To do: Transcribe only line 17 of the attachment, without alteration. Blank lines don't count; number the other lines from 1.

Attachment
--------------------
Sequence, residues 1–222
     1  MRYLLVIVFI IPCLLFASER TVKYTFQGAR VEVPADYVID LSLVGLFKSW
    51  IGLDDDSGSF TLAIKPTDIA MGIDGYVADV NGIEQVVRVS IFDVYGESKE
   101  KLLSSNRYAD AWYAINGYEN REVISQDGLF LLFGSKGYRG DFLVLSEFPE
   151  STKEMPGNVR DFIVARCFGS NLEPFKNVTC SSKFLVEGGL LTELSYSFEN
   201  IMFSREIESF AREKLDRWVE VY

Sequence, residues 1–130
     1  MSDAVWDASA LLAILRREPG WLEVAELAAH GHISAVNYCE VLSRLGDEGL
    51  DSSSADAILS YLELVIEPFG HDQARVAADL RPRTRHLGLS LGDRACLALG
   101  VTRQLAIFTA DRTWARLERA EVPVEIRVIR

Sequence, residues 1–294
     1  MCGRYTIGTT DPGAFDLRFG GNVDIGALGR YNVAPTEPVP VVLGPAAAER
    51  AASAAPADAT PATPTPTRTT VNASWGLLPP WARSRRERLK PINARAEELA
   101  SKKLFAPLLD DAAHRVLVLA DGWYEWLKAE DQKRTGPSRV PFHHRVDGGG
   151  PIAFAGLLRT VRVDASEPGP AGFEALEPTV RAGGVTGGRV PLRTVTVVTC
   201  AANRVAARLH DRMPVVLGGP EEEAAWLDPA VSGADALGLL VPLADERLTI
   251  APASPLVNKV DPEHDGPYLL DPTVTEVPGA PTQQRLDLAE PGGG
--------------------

   251  APASPLVNKV DPEHDGPYLL DPTVTEVPGA PTQQRLDLAE PGGG